“Hail Trump” cried Richard Spencer last November at the Washington D.C. “Nazi-In” where hundreds of white supremacists from groups like Identity Europa gathered to celebrate Trump’s election as a mandate for their toxic fascist program: https://www.theatlantic.com/politics/archive/2016/11/richard-spencer-speech-npi/508379/  Last April, white supremacists roamed the streets at “Patriot’s Day” rally in Berkeley looking to beat anti-fascist protestors.  They did: https://www.youtube.com/watch?v=LOUSMwr96mQ

            Fascist violence begets not only itself but permutations on the form.  White supremacist killings more that doubled in number in 2017: https://www.huffingtonpost.com/entry/white-supremacist-murders-2017-report_us_5a5f59b0e4b0ee2ff32c4bea     Each fascist killing now looks both forward and backwards: to the next murder motivated by its precursors, and as explanations of fascism’s long, slow rise into our current moment.  We now know that the Santa Barbara mass killer---long-known to be a misogynist and racist---was also connected to the alt.right universe: http://www.latimes.com/local/lanow/la-me-isle-vista-massacre-alt-right-20180206-story.html

            These examples demonstrate that rather than fine-tooth combing our assessment of who has fascist credentials, we simply need to fight back.

            Last summer, the Campus Antifascist Network was formed in the wake of Trump, and “Patriot Day,” and the explosion of white supremacist and white nationalist fliering on U.S. University campuses---more than 200 episodes since November, 2016.

            CAN has one objective and goal: to smash fascism. 

            The Network has more than two thousand participants and 13 chapters across the U.S., Canada and now the U.K. https://wagingnonviolence.org/feature/antifascist-organizing-explodes-college-campuses/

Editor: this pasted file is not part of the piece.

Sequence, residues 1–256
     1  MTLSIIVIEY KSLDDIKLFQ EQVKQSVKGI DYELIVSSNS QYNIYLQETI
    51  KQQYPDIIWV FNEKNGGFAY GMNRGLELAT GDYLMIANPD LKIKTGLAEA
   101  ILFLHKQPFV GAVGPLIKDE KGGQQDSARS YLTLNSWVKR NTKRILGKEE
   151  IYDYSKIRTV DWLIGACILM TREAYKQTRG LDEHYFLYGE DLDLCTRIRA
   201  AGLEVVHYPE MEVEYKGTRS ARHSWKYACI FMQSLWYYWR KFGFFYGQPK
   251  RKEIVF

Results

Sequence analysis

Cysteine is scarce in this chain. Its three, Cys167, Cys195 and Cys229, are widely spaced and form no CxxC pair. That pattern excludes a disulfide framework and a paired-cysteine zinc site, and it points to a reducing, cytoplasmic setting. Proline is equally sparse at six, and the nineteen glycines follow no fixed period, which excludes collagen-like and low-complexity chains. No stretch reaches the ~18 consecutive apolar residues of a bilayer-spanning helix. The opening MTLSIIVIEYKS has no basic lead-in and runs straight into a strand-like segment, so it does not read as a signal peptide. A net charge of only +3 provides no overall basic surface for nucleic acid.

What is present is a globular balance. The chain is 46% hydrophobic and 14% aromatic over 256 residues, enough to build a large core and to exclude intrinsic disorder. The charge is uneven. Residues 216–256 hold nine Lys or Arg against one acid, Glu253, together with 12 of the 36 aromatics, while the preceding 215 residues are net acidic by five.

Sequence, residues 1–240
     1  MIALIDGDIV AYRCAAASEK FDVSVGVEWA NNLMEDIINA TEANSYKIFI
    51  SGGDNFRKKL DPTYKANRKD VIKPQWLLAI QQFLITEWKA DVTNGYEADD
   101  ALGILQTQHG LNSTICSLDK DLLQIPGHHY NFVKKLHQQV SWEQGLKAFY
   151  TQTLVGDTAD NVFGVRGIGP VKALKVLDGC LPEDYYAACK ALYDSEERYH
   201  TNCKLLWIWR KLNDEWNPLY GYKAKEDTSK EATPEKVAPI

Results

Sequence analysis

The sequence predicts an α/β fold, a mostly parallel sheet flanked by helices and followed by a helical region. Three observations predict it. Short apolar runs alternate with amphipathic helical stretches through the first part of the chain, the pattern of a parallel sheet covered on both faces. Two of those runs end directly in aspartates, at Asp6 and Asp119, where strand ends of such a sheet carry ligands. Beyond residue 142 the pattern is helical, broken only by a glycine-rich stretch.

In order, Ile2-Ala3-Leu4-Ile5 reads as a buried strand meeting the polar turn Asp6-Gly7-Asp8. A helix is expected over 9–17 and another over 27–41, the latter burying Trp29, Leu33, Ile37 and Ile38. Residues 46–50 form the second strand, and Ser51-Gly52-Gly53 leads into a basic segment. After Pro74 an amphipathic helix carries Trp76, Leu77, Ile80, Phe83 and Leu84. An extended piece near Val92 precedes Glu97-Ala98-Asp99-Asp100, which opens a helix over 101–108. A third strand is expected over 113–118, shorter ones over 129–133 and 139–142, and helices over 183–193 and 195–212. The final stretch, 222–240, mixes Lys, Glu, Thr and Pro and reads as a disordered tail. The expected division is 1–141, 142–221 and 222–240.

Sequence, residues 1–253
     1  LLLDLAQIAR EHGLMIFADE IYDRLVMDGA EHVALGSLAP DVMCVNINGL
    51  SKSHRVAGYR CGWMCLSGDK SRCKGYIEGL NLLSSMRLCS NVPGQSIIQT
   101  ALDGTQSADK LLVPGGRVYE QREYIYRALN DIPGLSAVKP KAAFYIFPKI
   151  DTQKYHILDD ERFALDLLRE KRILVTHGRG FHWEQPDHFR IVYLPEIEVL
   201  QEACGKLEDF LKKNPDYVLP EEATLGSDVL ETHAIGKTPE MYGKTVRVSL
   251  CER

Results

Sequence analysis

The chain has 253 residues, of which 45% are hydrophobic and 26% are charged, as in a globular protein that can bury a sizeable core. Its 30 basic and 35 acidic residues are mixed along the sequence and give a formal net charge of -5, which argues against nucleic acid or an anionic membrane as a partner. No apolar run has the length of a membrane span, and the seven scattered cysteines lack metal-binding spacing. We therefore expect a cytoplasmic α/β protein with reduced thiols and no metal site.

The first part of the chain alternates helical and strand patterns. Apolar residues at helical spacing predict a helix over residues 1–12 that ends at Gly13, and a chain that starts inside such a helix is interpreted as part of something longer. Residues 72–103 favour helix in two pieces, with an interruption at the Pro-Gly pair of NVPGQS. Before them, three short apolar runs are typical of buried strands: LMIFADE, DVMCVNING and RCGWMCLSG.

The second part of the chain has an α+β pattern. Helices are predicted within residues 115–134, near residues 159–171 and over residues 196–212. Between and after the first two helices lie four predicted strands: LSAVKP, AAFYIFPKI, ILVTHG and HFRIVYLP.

CAN has organized against the appearance of Richard Spencer at University of Florida, Milo Yiannopoulos at California State University Fullerton, and Lucian Wintrich at University of Connecticutt http://blog.lareviewofbooks.org/essays/campus-antifascist-network-winning-fight-fascism-universities/

            CAN has taken the position that Fascism is not free speech and should not be protected—it should be opposed and shut down: http://campusantifascistnetwork.com/2018/02/07/can-statement-on-free-speech-and-college-campuses/

            Organizationally, CAN is a united front that has endorsed anti-racist protests by National Football League players, and the upcoming International Women’s Strike http://campusantifascistnetwork.com/2018/02/07/can-statement-of-solidarity-with-the-international-womens-strike/

            Most importantly, CAN has revived the long tradition of popular anti-fascism that is part of a history of dissidence Donald Trump and the alt.right seek to demonize, criminalize, and erase.  As CAN members put it in a recent LA Review of Books essay:

In its philosophy and tactics, then, CAN honors a proud, popular tradition of antifascism that many Americans have forgotten, and which the alt-right seeks to erase. Its history in the United States has included coalition building, education, and community work, from the Hollywood Anti-Nazi League of the 1930s, which featured prominent writers Dorothy Parker and F. Scott Fitzgerald; to the Jewish Labor Committee of the 1940s which sponsored refugees into the United States fleeing the Holocaust; to the coalitions that rose to confront Joe McCarthy in the 1950s and then George Wallace in 1960s; to the LGBT-led campaigns against the Christian Right in the 1980s and beyond. Indeed, in American history such luminaries as Albert Einstein and Langston Hughes have been antifascists, as was the great Billie Holliday. For these people, fighting fascism, white supremacy, and anti-Semitism were not just virtues of being progressive: they were a mandatory form of political empathy and common sense.

 

Now more than ever is the time to act.  Share this blog post and join the Campus

Antifascist Network. Build a branch at your college or University, right and fight the fascist scourge. 

No more Floridas!  No more Fascism!

 

            Write to us at cannetwork.fighttheh8@gmail.com.